The GSLV-F09 rocket carrying India's GSAT-9, or the South Asia Communication Satellite, blasts off from the launch pad at the Satish Dhawan Space Center in Sriharikota, Andhra Pradesh, India, May 5, 2017. (Xinhua/Stringer)
NEW DELHI, May 5 (Xinhua) -- In its biggest space diplomacy push, Indian launched a South Asia communication satellite on Friday from the spaceport of Sriharikota in the southern state of Andhra Pradesh.
The State-owned Indian Space Research Organisation's (ISRO) rocket, Geosynchronous Satellite Launch Vehicle (GSLV), carrying the 2,230 kg satellite GSAT-9, lifted off from the launch pad at Satish Dhawan Space Center in Sriharikota at 4:57 p.m. local time (1127 GMT).
ISRO, which has built the satellite for use by countries of the South Asian Association for Regional Cooperation (SAARC) region, said GSAT-9 has been launched with an objective to provide different communication applications in Ku-band with coverage over South Asia.
The satellite was originally named SAARC satellite, but was later changed to South Asia satellite after Pakistan opted out of the project, stating "it has its own space program."
Indian Prime Minister Narendra Modi lauded the country's scientists for the successful launch. "We are a united family of South Asian countries, united in our pursuit of peace, progress & prosperity of our region & the entire humankind," he tweeted soon after the launch.
Later joining the five heads of state of SAARC nations -- Afghanistan's President Ashraf Ghani, Bangladesh Prime Minister Sheikh Hasina, Maldives President Abdulla Yameen, Nepal's Prime Minister Pushpa Kamal Dahal and Sri Lankan President Maithripala Sirisena -- Modi hailed the launch.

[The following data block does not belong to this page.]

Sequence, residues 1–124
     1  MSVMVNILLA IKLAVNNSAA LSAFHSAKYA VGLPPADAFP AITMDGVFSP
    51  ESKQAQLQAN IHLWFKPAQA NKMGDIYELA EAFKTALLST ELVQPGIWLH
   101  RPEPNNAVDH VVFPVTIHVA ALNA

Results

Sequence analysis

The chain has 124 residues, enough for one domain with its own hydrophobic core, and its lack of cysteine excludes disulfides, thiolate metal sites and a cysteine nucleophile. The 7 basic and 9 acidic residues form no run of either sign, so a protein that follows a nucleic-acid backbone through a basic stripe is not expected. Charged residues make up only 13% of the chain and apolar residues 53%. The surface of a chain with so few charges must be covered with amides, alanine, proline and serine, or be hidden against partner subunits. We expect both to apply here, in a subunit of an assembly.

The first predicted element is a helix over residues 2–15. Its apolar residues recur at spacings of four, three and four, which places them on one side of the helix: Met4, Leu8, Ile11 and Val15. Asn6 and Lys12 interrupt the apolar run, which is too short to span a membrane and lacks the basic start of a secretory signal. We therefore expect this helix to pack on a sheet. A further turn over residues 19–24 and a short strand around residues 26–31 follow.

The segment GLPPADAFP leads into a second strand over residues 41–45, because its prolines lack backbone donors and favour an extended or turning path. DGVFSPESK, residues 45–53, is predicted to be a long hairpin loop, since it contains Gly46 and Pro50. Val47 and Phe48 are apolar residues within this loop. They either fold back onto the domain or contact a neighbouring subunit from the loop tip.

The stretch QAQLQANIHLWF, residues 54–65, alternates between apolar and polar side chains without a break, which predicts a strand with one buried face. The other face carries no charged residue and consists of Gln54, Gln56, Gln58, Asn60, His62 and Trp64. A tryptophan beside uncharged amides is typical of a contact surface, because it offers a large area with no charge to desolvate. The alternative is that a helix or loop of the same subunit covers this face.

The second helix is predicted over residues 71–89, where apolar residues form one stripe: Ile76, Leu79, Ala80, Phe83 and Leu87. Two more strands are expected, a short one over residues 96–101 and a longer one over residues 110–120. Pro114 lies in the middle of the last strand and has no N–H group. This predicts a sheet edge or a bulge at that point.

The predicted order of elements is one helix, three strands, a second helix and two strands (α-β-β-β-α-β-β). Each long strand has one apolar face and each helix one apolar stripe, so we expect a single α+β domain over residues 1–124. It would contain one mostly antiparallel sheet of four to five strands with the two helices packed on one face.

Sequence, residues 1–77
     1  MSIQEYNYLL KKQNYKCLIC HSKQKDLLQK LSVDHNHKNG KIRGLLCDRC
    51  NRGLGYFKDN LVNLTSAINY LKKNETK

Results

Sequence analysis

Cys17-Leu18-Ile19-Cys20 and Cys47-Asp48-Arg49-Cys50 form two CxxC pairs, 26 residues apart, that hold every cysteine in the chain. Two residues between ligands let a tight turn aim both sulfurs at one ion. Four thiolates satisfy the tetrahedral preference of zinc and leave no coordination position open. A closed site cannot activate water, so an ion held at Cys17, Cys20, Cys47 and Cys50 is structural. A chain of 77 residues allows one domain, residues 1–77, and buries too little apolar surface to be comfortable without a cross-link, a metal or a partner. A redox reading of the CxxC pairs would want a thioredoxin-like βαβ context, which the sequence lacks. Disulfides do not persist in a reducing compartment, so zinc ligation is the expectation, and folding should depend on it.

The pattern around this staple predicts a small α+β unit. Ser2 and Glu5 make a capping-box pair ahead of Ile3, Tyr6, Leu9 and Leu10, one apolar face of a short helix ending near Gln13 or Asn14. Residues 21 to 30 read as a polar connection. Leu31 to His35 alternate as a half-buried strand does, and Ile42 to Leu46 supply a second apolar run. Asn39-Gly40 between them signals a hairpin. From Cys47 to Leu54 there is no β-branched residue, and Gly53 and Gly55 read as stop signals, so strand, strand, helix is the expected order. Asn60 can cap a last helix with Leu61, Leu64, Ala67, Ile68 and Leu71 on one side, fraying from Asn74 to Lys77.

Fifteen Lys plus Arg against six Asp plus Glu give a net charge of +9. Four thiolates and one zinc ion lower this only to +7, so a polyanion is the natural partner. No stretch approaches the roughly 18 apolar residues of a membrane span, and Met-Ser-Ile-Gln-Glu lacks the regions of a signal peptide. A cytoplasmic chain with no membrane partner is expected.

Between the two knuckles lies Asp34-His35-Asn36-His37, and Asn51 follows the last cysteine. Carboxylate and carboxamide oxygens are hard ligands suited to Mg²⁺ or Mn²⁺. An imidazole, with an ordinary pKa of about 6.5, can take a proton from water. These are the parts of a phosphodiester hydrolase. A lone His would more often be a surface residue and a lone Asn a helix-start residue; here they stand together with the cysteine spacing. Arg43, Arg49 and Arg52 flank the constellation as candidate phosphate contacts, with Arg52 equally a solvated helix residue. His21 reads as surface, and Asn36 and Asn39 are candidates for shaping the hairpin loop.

"Today is a historic day, one without precedent. We extend our close links into Outer Space. Space technology will touch the lives of our people in the region. Convinced when we join hands and mutually share fruits of knowledge, technology and growth, we can speed up development," he said.
On his part, Afghanistan's President Ashraf Ghani said: "This is an extremely important step to know nature and nature's patterns. Development must be citizen centric. Today's development is child centred and women centred, it makes governance accessible."
Bangladesh Prime Minister Sheikh Hasina took the opportunity to thank India. "On today's auspicious occasion, I congratulate the Government of India (for the successful launch). Betterment of our people can happen through fruitful engagement," she said.
Modi, who had first announced the project during the 2014 SAARC Summit in Nepal as a gift to the regional countries, spelled out the date of launch of the satellite in his monthly radio program, Mann ki baat (talk from the heart) Sunday.
The satellite has 12 Ku-band transponders. It is cuboid in shape and built around a central cylinder has a mission life of over 12 years.
It is expected to help communicate during disasters and also focus on telemedicine and education. Each country can beam its own TV programs while there will be the possibility for a common South Asia programming.